It’s been decided that Lana—who was mostly along for the ride because she knew how to drive the truck—is one of the sweetest and funniest people we’ve met. She is convinced that she really doesn’t speak English that well, but I found her to be quite fluent and understood her while listening intently. She told us about her son whom she adopted—a five year old whose mother was trafficked out of Burma to China, was bought and wed to a Chinese man with eleven other wives, proceeded to find out that she was HIV+ when she was four months pregnant, fled to Burma to save her baby, and gave birth at the Mae Tao Clinic where she gave the boy up. Lana lit up when talking about him and how happy she was that he was miraculously HIV negative and was always on the go like typical hyper five year olds are. We were able to meet her son on the following Saturday, and he lived up to her words—being so cute and lively.
Friday, August 9th: Our First Free Day
We used our free day, for the most part, to relax and get some personal things done. We went back to the Hong Long Minimart to get some breakfast foods for our rooms, looked at the various shops along the street for souvenirs, ate at a KFC and headed home for the day. I found it refreshing to have the day to just relax, reflect on the things we’ve experienced, and just read the day away.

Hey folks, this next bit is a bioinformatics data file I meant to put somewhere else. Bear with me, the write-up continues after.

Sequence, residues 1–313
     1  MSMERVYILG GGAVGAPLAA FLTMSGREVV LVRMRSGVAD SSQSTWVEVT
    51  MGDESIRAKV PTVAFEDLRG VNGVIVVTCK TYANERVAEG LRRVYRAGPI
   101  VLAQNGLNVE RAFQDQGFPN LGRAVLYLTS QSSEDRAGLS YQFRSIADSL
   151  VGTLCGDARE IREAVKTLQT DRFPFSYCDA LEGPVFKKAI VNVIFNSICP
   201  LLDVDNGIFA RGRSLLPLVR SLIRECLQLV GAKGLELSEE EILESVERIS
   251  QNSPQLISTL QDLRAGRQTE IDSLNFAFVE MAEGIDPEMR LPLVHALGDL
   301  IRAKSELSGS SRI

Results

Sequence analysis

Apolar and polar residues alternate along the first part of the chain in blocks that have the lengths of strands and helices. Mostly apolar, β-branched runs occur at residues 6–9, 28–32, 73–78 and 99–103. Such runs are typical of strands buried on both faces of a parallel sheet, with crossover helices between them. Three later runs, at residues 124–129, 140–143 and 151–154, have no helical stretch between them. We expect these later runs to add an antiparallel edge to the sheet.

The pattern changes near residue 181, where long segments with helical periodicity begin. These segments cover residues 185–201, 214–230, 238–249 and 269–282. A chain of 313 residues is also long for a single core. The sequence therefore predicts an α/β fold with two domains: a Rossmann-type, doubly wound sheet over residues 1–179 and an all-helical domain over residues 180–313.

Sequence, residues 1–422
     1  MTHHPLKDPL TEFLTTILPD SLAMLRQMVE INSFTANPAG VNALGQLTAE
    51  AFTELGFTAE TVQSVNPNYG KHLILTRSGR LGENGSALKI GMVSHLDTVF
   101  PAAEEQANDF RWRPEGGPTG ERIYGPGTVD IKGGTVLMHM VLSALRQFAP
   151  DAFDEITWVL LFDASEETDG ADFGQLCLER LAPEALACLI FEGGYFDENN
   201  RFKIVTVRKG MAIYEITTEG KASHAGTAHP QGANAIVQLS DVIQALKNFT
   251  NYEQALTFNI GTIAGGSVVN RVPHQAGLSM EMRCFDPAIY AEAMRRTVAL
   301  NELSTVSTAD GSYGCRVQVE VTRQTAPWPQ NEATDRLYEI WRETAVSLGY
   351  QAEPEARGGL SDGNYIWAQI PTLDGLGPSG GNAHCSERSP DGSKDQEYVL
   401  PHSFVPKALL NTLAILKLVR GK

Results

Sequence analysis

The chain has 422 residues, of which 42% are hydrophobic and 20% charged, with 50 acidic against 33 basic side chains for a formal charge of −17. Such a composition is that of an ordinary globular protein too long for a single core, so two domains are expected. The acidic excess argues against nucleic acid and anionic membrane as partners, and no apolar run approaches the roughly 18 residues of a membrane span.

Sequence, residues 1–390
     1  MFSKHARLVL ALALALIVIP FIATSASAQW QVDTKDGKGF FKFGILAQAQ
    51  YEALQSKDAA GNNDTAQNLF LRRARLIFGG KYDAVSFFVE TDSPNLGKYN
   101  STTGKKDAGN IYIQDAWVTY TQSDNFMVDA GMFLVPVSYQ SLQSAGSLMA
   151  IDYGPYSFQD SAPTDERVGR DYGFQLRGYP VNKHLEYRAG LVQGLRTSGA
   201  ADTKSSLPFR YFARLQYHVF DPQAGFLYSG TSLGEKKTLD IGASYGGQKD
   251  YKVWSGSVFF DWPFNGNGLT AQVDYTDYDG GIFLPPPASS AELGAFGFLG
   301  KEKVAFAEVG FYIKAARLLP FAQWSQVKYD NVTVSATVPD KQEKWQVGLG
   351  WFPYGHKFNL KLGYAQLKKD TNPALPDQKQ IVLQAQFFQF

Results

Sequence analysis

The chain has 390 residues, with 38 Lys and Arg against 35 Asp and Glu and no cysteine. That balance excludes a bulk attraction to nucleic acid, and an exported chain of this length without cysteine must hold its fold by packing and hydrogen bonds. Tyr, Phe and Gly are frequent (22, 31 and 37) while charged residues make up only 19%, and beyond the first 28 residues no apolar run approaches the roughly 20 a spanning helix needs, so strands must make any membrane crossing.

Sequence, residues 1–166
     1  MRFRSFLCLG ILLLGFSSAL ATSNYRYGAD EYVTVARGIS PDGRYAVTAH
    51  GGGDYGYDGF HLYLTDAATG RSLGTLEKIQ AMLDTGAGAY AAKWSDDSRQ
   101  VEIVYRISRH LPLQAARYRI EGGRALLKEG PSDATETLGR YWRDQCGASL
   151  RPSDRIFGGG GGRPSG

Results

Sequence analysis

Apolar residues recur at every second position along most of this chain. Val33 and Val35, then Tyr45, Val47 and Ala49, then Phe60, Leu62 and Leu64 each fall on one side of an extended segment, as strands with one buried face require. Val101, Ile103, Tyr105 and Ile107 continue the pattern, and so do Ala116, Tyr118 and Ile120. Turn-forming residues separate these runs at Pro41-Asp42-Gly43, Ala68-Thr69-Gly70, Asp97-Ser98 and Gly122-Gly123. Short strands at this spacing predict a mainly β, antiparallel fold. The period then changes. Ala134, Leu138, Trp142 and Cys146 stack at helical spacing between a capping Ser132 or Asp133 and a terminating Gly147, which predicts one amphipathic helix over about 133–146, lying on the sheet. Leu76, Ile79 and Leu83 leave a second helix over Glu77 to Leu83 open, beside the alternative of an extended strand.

Saturday, August 10th: The Safe House & The Children Crisis Center
The Safe House is home to roughly 60 children, ranging in age from seven months to 12 years, and about a third of them spent the morning playing with us. The children flocked to the adults of their same gender and I was pretty pleased with this. Aung and Adam seemed to be getting all the hyper, aggressive boys while Shanelle, Codee, Sue, May, and I were playing with the little girls and babies. These kids sure loved their hand clap games and running around screaming, but it was great to see them in their natural atmosphere unafraid to be themselves around us. We left the Safe House during the kids’ lunchtime.
Our next stop, after our own meal, was the Children Crisis Center. There were only 17 kids living and attending school here, so it was a much quieter atmosphere than in the morning. Aung, once again, twisted our arms and we ended up practicing speech and grammar skills in English with the students. We closed our lesson by creating a story about a blue cat named MoMo—each student adding his or her own sentence to the story on the board. We’ll post the story soon so you can see how interesting it got.
Sunday, August 11th: The Mobile Medical Team